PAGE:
But wait, it gets better. Like I said you can't make this up.
About a week later I was sitting in a jeep waiting to go down to the flight line. Along comes Clarence across the company area, loose, straight towards the jeep. I said to myself, this isn't good. He jumped in the jeep, sat up on the steering wheel where we looked at each other for a few seconds. Yes he did, he let go and pissed all over the front of me. In a flash he jumped out and started running through the company area with me in fast pursuit with my .380 Beretta, I fired at least 4 shots but he got away. 1SGT Hillhouse chewed my ass out for shooting in the company area until I told him my story. He got a laugh out of that one. Clarence and I never crossed paths again.
In late 1967 someone through a CS grenade into MAJOR BELL’S hootch. As usual it had to be someone in 2nd PLT F-TROOP. The #1 suspect was R.J. WILLIAMS.I remember Sgt Hillhouse having a formation the next morning. He must have got his ass chewed out because he wasn't happy. He said some things that I won't repeat.
The next day 2nd plt Sgt Jolly Rogers came and told us that if the person that threw the grenade didn't come forward, Maj Bell was going to split up 2nd plt and send half of us down south. No one at that point knew who did it. I couldn't let Maj Bell split up the Platoon. I knew I was in big trouble and most likely going to be court martialed. I went to Sgt Rogers and told him I was the one. He was surprised and said oh shit we're both in trouble. He didn't believe me at first but after I explained what went down, he said well we have to go see Maj Bell.
Needless to say I thought I was going to LBJ(Long Binh Jail). I only had about 30 days left in country. O shit!
We entered Maj Bells hooch and Sgt Rogers told him I was the guilty one. He excused Sgt Rogers and it was just the two of us. He didn't look to happy, understandably. I didn't have a weapon and I thought he was going to shoot me. The first thing he asked me was why I was sticking up for RJ. I told him it wasn't RJ it was me. He didn't believe me either. He kept telling me it was RJ. I told him I had gotten four CS grenades on a resupply mission and I had 2 left in my locker. He let me go get the other 2. I still had trouble convincing him it wasn't RJ. although it was RJ who got Sgt Hillhouse a couple nights before which I didn't tell him. I had given the other one to RJ.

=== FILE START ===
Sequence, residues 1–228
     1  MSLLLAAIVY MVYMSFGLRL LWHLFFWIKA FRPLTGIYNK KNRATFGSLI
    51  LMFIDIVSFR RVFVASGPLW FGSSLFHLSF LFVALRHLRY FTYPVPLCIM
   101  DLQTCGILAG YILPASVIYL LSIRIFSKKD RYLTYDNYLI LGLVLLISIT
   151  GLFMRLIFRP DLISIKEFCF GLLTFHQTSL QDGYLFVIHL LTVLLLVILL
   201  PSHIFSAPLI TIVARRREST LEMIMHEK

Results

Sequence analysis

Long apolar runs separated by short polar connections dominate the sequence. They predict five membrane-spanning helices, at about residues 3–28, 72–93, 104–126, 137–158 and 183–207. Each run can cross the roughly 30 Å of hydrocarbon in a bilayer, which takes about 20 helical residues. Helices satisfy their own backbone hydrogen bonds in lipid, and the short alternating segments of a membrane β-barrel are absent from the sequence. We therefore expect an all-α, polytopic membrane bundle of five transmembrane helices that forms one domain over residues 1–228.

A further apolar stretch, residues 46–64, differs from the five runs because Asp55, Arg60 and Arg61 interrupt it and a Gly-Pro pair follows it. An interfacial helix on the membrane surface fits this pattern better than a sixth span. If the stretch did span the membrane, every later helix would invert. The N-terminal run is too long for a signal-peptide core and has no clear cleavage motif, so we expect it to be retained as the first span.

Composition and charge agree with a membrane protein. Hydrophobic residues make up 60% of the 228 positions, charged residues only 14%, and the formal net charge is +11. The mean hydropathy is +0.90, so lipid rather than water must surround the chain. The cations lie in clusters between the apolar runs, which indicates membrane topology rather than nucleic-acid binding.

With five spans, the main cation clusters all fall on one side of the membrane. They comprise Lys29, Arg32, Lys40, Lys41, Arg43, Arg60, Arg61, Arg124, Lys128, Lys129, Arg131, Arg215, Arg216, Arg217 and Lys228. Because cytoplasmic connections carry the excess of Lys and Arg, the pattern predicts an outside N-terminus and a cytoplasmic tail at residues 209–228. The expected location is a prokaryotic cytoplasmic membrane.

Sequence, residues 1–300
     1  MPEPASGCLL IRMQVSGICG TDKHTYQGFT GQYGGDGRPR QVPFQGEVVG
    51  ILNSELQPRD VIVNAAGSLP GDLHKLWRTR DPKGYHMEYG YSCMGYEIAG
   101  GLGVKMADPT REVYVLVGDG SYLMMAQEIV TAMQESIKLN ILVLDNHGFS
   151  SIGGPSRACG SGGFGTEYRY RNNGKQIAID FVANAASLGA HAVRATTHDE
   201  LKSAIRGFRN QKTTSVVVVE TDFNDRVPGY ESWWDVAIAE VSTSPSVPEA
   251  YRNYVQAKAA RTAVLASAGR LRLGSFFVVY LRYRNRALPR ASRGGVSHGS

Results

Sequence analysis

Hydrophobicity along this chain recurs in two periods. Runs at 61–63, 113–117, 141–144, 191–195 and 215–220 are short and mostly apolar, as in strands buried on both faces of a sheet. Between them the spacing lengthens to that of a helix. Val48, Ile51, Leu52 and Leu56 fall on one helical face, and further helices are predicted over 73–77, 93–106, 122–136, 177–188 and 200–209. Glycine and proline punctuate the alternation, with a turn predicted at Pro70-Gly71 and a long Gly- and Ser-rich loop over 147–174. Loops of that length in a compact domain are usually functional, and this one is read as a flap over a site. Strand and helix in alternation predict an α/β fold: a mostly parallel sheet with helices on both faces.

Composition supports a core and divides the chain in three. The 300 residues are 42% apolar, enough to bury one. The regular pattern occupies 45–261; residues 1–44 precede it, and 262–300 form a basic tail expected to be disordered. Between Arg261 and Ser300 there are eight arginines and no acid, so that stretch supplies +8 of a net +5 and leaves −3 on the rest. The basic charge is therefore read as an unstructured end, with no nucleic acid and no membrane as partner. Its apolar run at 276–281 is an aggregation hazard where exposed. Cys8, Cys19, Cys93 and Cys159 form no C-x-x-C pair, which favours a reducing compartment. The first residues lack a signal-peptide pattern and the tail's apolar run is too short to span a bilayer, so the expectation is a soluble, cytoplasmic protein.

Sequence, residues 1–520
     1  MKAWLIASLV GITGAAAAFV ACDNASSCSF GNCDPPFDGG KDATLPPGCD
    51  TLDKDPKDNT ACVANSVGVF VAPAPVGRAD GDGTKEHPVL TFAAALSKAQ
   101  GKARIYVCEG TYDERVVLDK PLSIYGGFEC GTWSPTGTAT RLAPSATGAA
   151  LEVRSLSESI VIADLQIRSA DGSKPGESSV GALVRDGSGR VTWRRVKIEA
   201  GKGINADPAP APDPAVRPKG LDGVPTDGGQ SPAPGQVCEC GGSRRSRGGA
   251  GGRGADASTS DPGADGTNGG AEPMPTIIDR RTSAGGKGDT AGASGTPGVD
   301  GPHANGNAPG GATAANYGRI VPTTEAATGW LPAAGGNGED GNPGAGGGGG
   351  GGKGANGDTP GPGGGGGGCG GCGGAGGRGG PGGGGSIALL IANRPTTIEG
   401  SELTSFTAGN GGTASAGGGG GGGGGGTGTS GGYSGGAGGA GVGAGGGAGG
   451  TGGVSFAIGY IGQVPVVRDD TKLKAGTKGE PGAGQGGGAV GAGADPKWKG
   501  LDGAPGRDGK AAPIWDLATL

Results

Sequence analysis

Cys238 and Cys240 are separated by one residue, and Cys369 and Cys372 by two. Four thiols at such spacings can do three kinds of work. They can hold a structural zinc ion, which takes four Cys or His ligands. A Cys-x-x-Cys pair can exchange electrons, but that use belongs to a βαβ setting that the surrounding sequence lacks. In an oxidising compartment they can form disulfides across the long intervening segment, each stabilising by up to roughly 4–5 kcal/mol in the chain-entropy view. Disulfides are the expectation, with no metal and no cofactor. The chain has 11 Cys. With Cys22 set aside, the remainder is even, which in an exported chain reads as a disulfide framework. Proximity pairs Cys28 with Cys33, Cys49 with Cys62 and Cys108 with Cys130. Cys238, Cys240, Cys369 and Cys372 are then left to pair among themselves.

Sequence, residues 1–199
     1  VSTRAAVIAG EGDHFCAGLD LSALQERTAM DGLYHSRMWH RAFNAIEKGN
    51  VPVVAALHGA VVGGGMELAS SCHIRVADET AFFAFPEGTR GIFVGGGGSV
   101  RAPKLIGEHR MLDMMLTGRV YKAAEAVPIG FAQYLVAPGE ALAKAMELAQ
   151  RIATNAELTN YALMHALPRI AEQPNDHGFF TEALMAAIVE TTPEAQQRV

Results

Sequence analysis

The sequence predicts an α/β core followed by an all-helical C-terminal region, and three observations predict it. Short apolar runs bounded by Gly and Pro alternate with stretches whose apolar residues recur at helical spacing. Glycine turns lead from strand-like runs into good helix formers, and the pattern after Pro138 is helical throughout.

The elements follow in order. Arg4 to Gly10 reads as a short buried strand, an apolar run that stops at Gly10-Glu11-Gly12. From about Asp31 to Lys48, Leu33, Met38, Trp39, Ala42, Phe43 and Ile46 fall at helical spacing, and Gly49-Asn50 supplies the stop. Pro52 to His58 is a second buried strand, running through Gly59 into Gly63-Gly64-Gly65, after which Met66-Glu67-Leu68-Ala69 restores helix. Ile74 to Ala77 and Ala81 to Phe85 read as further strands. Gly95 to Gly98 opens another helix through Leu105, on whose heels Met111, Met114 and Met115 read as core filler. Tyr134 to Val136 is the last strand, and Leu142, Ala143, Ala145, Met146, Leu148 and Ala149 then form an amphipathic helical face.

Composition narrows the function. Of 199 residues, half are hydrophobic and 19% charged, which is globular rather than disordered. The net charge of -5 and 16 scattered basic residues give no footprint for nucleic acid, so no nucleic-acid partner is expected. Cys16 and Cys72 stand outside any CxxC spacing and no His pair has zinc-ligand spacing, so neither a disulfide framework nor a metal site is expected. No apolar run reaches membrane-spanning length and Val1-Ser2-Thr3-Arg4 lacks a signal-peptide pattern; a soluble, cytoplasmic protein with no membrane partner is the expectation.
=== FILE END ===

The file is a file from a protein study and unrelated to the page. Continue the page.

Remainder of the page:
After a while I think I convinced him. He asked me why I did it and I told him the truth. I told him I thought he had made several bad decisions that turned out ugly and I explained which ones in my opinion. I figured I might as well as I was going to be court martialed. I don't think he got injured but got a good dose of cs. I had a bad cold at the time. After about an hour he said I could go. I started for the door and he called me back ,oh shit, to my surprise he said West I admire you, you have a lot of balls, go on sick call tomorrow and take care of that cold.
I left in a hurry before he changed his mind and never said any more about it. To this day I think he still thinks it was RJ.
GOD BLESS BOTH THEIR SOULS
RJ didn't need this notch in his belt, he had plenty of his own.
I met Maj Bell at the Dallas reunion. I think in1995. I asked him if he remembered me. He said, “I remember you West.” I asked him why he didn't court martial me. He said he thought he would have been in real trouble then. Go figure?
REST IN Peace RJ
AND ANOTHER STORY - DIRTY DETAIL
As we all know Chu Lai didn't have the best septic system. I was reminded by Bill Just several years ago when the Moving Wall was in town. Bristol Ct. We hooked up with Frank Anton who was a guest speaker, after at the local American Legion . And we did close up the place late. Good time. I think we all, EM, had our chance at the outhouse detail. Well one day myself and Bill Just had this detail. I was unlucky enough to have done this before. I told Bill we'll do this the easy way. We made our way to the motor pool and borrowed a diesel tanker truck. We pulled out the 55 gal half drums. We backed up the truck as close as we could. I told Bill to squeeze the handle slowly because there was a lot of pressure in the hose. Well Bill squeezed the trigger too quickly. SORRY BILL. It came out full force and a mixture of diesel and shit came out of that barrel and all over Bill. He said the only reason he was mad was because I couldn't stop laughing. By the time Bill got back to his hooch, stripped down and got to our wonderful showers he had rashes all over from the mixture.
Posted:Wednesday, January 14, 2015 9:20 am
By SKIP VAUGHN Rocket editor [email protected]
Greg Arndt remembers getting off the bus at the Seattle-Tacoma Airport after returning from Vietnam. Protesters behind a chain-link fence jeered him and his fellow Vietnam War veterans. This was his reception after serving a year in combat as a door gunner on a helicopter gunship.
Of course not everyone treated him that way. There was also the guy who bought him a beer in a bar.
“It’s much better today,” Arndt said. “When I came back they kind of snuck us back into the country.”
Arndt, 66, has plenty of time these days to reflect, sleep late and enjoy sports. He retired in early January as an intelligence analyst from the Missile and Space Intelligence Center after 45 years of service.